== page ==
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Once you understand the camera settings that most stock agencies require, you can jump into shooting images specifically created for those agencies. Today we’ll cover some more suggestions on what types of photos are popular with stock photography companies so that you can get more practice in “shooting stock.”
Taking random pictures is a sure way to have random sales. If you are building a portfolio of images that can eventually create passive income, plan your photo shoots around seasonal and holiday themes. It will make gathering props and lighting a lot easier in the long run.
Why not take advantage of this year’s Christmas season to capture a series of images related to having the family home for the holidays? Or shoot a series of images around all of the Christmas cooking, baking and decorating that occurs in kitchens across the country. Don’t just pull out your camera to take one or two shots of the kids opening presents. See how many different ways you can shoot one brightly wrapped package in the studio or in natural light from a window, utilizing different angles, perspectives and depths of field.
When Autumn rolls around here in Colorado, we have to fight for camera space in popular “color” destinations. Make good use of that time and capture not only images of trees turning stunning shades of orange, gold and red, but other signs that indicate the seasons are changing…deeper forest shadows, leaves on the forest floor, hay bales in the field, etc. Better yet, capture images of people enjoying activities in Fall, like picking through a pumpkin patch or a picnic in a grove of changing aspen trees. Hot apple cider always denotes Autumn for me…
Keep in mind when shooting seasonal projects, that art directors, magazine editors and even blog artists will be looking for those images months before the real season arrives. In other words, shoot this year’s season or celebration in anticipation of selling the images six months before next year’s season returns!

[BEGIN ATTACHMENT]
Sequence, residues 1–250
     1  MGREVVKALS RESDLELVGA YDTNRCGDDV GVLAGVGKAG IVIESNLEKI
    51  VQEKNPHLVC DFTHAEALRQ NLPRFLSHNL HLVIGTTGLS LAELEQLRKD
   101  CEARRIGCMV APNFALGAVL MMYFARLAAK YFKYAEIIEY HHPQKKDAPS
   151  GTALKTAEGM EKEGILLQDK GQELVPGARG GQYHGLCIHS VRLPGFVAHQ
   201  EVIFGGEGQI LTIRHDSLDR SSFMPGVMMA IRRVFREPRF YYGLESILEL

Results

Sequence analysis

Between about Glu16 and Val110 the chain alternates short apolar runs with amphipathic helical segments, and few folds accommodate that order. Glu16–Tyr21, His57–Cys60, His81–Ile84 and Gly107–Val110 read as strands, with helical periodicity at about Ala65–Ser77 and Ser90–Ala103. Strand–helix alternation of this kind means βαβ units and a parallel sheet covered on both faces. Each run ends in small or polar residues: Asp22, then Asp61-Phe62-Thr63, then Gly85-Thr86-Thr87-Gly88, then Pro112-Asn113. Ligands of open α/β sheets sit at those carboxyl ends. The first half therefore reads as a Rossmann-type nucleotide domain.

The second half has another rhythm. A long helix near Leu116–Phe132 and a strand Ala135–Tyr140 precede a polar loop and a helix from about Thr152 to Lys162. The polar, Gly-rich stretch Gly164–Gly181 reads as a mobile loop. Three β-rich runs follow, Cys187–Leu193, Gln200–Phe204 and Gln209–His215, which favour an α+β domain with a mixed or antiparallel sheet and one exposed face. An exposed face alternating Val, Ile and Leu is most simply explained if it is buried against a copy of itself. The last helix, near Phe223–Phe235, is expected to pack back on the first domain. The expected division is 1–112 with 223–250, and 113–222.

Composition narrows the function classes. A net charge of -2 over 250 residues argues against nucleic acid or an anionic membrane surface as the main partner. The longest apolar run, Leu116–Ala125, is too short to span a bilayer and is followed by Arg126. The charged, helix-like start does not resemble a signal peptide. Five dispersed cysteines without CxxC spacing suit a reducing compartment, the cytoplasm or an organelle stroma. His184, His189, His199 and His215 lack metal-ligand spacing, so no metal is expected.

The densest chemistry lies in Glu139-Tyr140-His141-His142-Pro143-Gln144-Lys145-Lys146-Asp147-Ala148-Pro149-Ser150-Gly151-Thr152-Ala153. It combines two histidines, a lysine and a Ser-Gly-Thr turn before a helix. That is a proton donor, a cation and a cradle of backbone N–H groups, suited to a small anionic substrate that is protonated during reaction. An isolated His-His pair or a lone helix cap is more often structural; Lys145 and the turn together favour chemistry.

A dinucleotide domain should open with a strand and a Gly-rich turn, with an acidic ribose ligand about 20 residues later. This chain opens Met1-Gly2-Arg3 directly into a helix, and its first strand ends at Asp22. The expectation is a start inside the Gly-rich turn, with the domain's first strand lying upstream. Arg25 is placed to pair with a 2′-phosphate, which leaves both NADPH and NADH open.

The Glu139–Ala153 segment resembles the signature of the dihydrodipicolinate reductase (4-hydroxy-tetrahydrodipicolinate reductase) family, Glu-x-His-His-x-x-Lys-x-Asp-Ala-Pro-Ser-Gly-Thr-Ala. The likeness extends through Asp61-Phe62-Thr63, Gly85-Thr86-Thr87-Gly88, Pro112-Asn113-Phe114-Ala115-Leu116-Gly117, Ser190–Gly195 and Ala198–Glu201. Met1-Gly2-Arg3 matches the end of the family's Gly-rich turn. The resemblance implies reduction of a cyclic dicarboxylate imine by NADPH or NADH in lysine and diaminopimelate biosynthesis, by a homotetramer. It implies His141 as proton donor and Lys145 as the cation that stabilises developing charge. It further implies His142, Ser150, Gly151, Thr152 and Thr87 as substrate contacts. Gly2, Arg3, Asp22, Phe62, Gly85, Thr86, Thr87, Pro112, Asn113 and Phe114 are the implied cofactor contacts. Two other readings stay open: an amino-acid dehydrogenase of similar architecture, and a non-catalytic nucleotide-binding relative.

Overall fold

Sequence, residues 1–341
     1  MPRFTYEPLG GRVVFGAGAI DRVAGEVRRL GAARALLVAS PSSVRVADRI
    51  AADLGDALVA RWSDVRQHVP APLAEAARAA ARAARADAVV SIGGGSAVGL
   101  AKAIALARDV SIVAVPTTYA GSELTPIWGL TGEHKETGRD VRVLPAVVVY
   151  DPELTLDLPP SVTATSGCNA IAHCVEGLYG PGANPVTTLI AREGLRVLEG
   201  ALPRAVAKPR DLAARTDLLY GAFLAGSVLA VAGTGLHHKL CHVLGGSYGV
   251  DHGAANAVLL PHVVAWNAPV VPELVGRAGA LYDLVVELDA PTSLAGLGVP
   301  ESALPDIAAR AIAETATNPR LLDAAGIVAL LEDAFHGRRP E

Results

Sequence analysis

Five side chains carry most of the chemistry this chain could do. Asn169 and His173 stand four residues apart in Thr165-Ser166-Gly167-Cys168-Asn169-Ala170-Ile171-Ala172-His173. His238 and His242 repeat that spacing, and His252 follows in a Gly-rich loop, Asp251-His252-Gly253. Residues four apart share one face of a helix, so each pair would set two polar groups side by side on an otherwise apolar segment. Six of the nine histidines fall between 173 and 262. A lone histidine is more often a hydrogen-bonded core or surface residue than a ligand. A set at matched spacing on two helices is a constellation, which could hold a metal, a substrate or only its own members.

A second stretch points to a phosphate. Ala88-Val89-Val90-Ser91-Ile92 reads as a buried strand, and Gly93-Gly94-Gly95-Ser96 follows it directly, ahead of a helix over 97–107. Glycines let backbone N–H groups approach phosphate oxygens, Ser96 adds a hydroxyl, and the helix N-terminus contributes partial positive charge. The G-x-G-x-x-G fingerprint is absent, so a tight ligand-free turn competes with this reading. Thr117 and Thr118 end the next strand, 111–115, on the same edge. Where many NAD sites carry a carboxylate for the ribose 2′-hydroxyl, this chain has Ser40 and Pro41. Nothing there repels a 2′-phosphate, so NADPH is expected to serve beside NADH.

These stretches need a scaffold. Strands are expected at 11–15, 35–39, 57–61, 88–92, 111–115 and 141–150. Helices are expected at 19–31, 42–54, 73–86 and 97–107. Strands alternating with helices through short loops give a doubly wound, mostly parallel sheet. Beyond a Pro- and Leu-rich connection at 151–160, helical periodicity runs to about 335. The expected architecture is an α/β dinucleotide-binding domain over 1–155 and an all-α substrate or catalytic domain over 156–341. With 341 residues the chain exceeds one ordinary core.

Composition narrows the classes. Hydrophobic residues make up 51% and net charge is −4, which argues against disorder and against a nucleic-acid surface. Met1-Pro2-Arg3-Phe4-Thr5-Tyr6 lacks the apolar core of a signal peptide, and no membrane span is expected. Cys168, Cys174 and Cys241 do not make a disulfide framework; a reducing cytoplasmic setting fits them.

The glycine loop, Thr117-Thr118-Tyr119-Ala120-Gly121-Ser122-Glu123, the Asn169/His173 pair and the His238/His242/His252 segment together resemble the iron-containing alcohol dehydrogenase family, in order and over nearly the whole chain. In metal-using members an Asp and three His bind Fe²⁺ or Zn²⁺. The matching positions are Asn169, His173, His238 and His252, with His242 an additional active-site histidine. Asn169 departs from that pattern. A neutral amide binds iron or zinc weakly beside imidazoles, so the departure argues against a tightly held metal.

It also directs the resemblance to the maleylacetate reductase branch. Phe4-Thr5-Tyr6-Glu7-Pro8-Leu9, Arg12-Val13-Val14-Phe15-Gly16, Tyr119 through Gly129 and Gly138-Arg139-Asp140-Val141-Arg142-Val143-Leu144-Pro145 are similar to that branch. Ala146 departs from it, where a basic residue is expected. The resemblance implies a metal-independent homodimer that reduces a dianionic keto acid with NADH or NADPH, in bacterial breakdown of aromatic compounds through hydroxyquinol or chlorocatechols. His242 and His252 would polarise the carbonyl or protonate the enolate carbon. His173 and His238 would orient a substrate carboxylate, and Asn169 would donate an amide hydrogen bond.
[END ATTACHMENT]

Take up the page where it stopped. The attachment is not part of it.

Now that the world is literally brought to our doorsteps by the internet, most stock agencies want images of people that represent that colorful world. Diversity in age, skin color, ethnicity, and religion creates images that will always be sought after. Placing those people in diverse backgrounds will provide even more interesting photographs.
Do you remember the children’s song “One of these things is not like the other?” The very concept that song suggests can help you design enticing photo shoots. Put together a group of like objects, then add one object that is very unlike the others.
Your homework for this week is to (1) shoot a series of images reflecting the season you are currently experiencing or a recent holiday, (2) in that series shoot some images with at least one person enjoying the season or holiday, and (3) create some images that reflect groupings, whether it be a group of people, plants, foods or stationary objects. (4) Within that group, shoot a few images with one item being different from the others, and highlight it in some way.
Keep building your repertoire of image styles, using what you learned in the last list of suggestions with what you’ve learned here. Now you’re ready to move on to Shooting Stock Photo Suggestions #4!
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